Changes have been steadily rolling out on Thayer Street over the last couple of years. Sidewalk bump outs, a fresh layer of blacktop, the 257 Thayer project. Now new tree wells and a bicycle repair station can be counted among the most recent in a parade of neighborhood improvements.
“We improved every single one of those tree wells,” explains Donna Personeus, Executive Director of the Thayer Street District Management Authority (TSDMA). “From Bowen to Waterman and down the side streets, wherever tree wells were in front of a TSDMA paying member’s business.”
Repairs to the tree wells and surrounding sidewalks began last year with locations that presented the greatest tripping hazard for walkers. In addition to public safety, the well-being of the trees was also taken into account. The TSDMA worked with City Forester Doug Still to make changes that would be beneficial to Thayer’s arboreal residents. That meant using cobblestones, which serve to filter water to roots and eliminate the need to regularly weed the soil around the trees. They’ve also done away with the metal grates that surrounded the trees, which had a tendency to collect litter. The sidewalks along Thayer have also been repaired; mending cracks and popped up slabs of concrete.
All said and done, the sidewalk and tree well project cost approximately $35,000, all paid for by the TSDMA with funds collected from neighborhood businesses specifically for street improvement projects.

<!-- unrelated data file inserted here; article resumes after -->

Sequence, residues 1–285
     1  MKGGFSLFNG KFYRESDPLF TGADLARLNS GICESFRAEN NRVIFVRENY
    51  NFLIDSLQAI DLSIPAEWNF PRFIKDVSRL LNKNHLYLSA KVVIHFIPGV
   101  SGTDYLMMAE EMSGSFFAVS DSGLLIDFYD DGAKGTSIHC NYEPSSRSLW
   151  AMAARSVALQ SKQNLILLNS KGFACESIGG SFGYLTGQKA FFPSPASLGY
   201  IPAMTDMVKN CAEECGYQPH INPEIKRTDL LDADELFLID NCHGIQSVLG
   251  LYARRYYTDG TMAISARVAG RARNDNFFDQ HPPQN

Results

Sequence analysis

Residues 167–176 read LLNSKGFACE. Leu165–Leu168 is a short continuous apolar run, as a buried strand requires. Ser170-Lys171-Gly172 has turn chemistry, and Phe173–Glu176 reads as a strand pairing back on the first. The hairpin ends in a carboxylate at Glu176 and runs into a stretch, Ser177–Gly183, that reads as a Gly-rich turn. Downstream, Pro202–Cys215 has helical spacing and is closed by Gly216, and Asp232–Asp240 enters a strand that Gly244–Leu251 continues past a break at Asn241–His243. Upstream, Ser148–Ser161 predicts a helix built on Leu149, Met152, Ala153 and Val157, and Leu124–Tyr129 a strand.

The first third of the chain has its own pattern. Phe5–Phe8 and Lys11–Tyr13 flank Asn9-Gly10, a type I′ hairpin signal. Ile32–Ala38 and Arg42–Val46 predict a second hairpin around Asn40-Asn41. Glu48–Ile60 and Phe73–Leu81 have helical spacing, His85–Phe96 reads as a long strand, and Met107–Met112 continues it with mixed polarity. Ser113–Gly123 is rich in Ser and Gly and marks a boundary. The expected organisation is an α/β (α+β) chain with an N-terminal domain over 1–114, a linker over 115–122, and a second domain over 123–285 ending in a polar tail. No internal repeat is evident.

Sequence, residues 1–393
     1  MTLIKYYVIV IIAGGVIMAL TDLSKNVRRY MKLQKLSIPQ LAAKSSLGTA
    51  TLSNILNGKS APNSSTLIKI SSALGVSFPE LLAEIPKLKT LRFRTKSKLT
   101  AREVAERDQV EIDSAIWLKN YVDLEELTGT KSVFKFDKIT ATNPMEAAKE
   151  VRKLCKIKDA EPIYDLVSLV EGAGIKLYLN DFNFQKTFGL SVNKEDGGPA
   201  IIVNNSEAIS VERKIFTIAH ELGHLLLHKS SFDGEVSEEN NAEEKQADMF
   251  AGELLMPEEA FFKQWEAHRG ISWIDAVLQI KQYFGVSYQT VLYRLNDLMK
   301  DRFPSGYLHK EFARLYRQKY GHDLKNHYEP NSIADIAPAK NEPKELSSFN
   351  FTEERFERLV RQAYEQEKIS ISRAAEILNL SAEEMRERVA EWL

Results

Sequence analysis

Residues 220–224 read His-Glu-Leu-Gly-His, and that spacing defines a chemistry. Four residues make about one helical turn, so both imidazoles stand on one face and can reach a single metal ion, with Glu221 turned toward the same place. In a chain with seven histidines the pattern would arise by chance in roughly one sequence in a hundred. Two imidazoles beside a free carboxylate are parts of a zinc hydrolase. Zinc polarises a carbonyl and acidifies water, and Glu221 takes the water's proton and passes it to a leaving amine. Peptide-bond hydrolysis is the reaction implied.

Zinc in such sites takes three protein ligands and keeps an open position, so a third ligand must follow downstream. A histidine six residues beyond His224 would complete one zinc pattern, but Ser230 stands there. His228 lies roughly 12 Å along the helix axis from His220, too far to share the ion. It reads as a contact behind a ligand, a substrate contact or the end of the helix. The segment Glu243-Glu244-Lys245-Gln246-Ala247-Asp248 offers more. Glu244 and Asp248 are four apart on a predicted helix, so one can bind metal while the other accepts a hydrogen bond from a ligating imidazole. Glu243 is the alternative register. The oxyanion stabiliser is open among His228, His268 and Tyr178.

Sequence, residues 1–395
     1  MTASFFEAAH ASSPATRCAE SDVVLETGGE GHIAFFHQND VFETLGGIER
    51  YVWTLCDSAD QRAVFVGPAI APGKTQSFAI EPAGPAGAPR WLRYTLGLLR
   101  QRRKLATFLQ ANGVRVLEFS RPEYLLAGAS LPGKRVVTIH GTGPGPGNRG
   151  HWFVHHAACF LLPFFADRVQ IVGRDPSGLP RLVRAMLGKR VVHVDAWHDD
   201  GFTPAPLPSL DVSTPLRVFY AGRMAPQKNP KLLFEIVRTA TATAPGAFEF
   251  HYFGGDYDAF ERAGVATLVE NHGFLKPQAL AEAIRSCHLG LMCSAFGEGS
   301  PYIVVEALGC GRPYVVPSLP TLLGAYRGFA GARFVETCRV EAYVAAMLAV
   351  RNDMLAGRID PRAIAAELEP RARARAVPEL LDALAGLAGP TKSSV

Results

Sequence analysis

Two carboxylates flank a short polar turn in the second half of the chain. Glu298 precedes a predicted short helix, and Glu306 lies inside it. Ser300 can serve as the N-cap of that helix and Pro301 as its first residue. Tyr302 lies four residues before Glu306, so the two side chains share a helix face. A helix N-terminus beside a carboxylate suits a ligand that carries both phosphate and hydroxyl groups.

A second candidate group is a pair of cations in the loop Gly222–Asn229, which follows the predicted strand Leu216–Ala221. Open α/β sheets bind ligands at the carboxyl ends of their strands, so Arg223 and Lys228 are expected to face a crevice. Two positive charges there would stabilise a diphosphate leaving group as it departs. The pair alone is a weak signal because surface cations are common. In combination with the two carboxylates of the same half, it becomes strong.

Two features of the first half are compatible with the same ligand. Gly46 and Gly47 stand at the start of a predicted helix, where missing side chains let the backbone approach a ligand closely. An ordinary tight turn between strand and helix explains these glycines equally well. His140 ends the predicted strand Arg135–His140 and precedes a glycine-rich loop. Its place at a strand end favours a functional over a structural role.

“We have to help our merchants be successful on the street,” says Personeus. “This will be aesthetically pleasing and bring some consistency to the street.”
Thayer Street has also made yet another step forward in an increased effort to be a friendlier neighborhood for cyclists. Like many of the new developments on Thayer Street, this has been in the works for sometime. New bike racks were added along the street, as was a bike lane when the city recently repaved the road. Last fall, a Bicycle Benefits program was put into place where businesses offer discounts to cyclists enrolled in the program. The most recent piece in the bike friendly initiative was the installation of a bicycle repair station at the corner of Olive and Thayer. Paid for by the TSDMA, the repair station includes tools and an air pump. Legend Bicycle, located on Brook Street, will be maintaining the station, replacing any tools that become lost or damaged.
On the artistic side of things, the former location of Tedeschi’s will be turned into a temporary pop up art gallery. Community members and students have been donating materials to build exhibit walls behind the long-vacant windows. Curated by students, the gallery will feature the work of artists from the community as well as Brown, with its debut exhibit opening on December 2.
“This will hopefully be something that, down the road, any time we have a window that’s empty we’ll incorporate it,” says Personeus.
The gallery, called the 249 Thayer Window Art Gallery, will be in operation as long as the Tedeschi’s building is vacant.